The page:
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urban forestation

A runner makes his way through the Point Grey neighbourhood in Vancouver, British Columbia, Thursday, August 23, 2012.Rafal Gerszak/The Globe and Mail

On a drab stretch of Hastings Street in Vancouver's Downtown Eastside, there's not a tree to be seen amid streets and sidewalks that give a decidedly grey cast to a city that bills itself as the greenest city in the world.

Over the next few years, this and other tree-starved blocks could gain some colour, as the city develops an urban forest management plan and begins planting a planned 150,000 trees by 2020.

And while initial planting is expected to take in spots where it is cheap and easy to plant the trees – not in paved areas that would require expensive overhauls – the city is open to requests, says parks board chairwoman Sarah Blyth.

"If someone came to us and said, 'Hey, it would be great to have some shade in this neighbourhood,' we would definitely be open to speaking about that – with private owners or just seeing where it's needed," said Ms. Blyth. "It would be great if people have ideas where they thought trees should go."

This fall, Vancouver city workers will start planting some 3,000 trees, the first of the planned 150,000 called for in the city's 2011 Greenest City Action Plan.

The cost for the first batch of trees – to be planted on both private and city-owned land – is $650,000 of the city's budget of about $1-billion. The investment is geared to more than shade and eye appeal. Vancouver, like other cities around the world, is looking to its urban forest for benefits ranging from energy savings to pollution control.

While such benefits have long been acknowledged, technology is making it easier to measure them – in the process, helping to build a business case for greenery.

"It's getting easier to quantify the environmental services provided by trees, because there are programs that we have been able to plug into that give us that information," said Beth McEwen, manager of urban forest renewal with the City of Toronto, which in 2005 announced plans to boost its tree canopy from about 20 per cent to 40 per cent over the next 50 years.

Toronto used i-Tree – software developed by the U.S. Department of Agriculture's Forest Service – for a 2010 report, Every Tree Counts, which mapped the city's tree cover and calculated what role trees played in, for example, reducing air pollution. Vancouver will be testing the software this fall, but has not done a cost-benefit analysis of its tree-planting target. Still, the city considers it a solid investment.

"There are social and economic benefits – including cleaner air, habitat for wildlife, increased property values and neighbourhood pride, to name a few," Ms. Blyth said.

The parks board is working with city engineering staff to determine where new trees should be planted. Plans call for the first batch, including some fruit and nut trees, to be split roughly equally between parks, streets and private property.

Currently, the city has an estimated 1.6-million trees, including about 140,000 street trees on city property. It has planted, on average, 2,000 trees a year for the past two decades.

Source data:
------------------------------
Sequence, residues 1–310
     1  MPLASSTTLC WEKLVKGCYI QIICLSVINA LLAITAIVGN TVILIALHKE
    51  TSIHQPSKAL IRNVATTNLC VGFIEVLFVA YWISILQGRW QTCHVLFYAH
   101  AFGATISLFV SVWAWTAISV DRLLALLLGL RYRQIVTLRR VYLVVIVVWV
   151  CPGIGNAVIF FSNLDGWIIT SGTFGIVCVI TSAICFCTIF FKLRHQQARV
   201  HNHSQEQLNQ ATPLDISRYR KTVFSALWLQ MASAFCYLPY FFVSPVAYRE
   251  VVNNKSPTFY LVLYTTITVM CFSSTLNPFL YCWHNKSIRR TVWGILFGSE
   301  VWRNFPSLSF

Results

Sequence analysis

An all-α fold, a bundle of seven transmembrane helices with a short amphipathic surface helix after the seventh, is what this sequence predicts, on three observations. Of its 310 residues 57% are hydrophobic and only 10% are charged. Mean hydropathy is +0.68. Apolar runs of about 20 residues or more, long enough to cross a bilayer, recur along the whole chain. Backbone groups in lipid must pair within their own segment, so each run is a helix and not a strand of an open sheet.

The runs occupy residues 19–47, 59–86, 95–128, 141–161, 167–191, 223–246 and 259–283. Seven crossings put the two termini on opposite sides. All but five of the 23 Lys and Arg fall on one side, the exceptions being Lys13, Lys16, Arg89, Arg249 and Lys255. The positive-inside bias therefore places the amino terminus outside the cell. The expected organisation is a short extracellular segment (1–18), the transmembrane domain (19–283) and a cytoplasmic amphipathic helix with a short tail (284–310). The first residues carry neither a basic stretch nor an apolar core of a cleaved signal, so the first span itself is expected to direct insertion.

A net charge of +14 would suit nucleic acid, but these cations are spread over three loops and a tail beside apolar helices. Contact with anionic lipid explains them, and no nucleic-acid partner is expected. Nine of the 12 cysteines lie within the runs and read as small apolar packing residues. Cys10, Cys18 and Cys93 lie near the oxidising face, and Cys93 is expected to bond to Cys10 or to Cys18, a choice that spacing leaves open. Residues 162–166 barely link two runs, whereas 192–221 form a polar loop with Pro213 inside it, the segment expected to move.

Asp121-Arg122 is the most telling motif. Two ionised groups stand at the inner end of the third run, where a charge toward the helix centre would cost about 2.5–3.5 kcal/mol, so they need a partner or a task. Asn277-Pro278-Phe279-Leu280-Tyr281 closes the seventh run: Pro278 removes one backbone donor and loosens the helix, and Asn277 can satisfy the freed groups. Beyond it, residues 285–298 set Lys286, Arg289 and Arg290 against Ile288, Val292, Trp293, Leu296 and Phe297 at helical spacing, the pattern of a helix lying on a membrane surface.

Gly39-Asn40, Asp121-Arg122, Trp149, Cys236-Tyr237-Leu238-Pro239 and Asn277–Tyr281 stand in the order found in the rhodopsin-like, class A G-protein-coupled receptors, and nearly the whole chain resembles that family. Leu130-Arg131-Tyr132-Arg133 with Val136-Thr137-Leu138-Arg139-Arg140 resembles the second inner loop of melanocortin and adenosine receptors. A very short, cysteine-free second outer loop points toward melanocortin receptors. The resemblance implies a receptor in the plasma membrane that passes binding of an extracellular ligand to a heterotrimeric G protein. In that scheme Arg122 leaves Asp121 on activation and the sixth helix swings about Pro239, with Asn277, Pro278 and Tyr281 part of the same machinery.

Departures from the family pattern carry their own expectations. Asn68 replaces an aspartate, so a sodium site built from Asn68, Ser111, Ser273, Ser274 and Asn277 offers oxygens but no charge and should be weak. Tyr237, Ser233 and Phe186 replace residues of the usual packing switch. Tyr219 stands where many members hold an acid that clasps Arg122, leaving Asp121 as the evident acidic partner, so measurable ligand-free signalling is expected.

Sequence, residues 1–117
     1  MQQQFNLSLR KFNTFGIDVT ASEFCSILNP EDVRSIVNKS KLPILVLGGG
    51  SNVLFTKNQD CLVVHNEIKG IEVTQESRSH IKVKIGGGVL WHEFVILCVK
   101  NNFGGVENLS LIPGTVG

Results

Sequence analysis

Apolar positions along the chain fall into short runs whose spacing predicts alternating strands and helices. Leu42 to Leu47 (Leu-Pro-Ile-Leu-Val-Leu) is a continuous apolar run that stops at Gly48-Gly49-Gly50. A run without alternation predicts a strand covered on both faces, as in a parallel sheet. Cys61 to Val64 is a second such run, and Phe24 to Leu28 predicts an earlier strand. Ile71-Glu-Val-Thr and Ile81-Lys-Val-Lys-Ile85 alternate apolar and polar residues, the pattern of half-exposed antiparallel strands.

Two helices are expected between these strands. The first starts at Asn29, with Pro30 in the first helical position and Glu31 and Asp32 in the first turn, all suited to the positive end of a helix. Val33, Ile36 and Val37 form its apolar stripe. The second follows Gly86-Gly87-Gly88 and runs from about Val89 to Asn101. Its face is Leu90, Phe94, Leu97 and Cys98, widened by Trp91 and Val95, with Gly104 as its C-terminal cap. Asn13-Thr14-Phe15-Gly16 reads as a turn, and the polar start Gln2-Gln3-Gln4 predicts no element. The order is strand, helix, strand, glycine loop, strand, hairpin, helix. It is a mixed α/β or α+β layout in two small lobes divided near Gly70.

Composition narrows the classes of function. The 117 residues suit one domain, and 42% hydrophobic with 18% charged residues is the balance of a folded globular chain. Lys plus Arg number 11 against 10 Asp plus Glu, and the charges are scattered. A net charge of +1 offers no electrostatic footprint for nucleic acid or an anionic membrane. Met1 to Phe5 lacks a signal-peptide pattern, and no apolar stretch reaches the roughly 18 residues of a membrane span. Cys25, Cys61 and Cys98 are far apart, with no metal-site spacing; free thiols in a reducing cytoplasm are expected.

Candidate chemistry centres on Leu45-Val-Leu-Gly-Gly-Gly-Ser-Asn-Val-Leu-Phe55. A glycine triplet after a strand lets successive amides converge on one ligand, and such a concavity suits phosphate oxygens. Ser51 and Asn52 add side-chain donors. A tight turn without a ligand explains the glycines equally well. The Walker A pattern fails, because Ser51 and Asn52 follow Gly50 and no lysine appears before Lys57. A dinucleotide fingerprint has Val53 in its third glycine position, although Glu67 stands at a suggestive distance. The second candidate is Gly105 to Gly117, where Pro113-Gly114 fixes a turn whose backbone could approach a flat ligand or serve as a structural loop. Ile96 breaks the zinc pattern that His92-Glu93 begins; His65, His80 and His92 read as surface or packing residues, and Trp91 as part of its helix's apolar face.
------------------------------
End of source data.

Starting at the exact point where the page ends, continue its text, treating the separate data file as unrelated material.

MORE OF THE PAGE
Urban trees have popular appeal and are also highly regulated. Most cities have bylaws that protect mature trees from being cut down and dictate how many trees must accompany new development. There is also increasing research and awareness around the role trees play in urban ecosystems and infrastructure, thanks in part to groups like Tree Canada, a non-profit group that will hold its 10th annual urban forestry conference in London this fall.

That wasn't always the case.

For the past decade, Kim Stephens has been talking to municipal staff and politicians in B.C. about "green infrastructure" – using trees and permeable landscaping to help absorb rainwater, restore streams and make neighbourhoods more attractive and possibly healthier.

In recent years, he has found people are more receptive to his pitch.

"We've moved from 'Why should we do things?' to 'How do we do things?'" said Mr. Stephens, executive director of the Partnership for Water Sustainability in B.C., a non-profit agency. "That was a fundamental shift."

In the Lower Mainland, that shift has come in part through test cases such as Univercity, this is correct a 10-year-old housing development at Simon Fraser University that features a stormwater management system that diverts almost all rainwater to the ground rather than into conventional drain pipes or storm sewers.

The system, which Mr. Stephens helped design and implement, has worked as intended, providing reassurance to planners as they weigh cost and liability concerns. Several projects now under way in B.C. feature the same principles on a larger scale.

For the Bowker Creek project on Vancouver Island, local governments have teamed up to restore a heavily urbanized watershed that is home to about 30,000 people and where more than half of the watershed – 56 per cent – is covered with impervious surfaces.

Even with that increased awareness, cities' moves toward building and designing green infrastructure, including the use of trees for stormwater management, remains "painfully slow," said Patrick Condon, a landscape architect at the University of British Columbia.

"I think it's really good to do trees," Prof. Condon said. "It would be better if they were thought of as a direct way to infiltrate stormwater and sequester pollutants."